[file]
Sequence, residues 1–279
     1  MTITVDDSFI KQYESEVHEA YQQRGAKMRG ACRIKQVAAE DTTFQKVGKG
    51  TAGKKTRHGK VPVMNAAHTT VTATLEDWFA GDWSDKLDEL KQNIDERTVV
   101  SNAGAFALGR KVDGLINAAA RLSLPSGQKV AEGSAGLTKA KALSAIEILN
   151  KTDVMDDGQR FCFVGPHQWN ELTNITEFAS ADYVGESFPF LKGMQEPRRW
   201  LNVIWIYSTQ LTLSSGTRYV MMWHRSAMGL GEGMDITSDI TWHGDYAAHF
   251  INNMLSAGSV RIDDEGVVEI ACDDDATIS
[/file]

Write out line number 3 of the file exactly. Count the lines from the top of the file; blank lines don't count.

    51  TAGKKTRHGK VPVMNAAHTT VTATLEDWFA GDWSDKLDEL KQNIDERTVV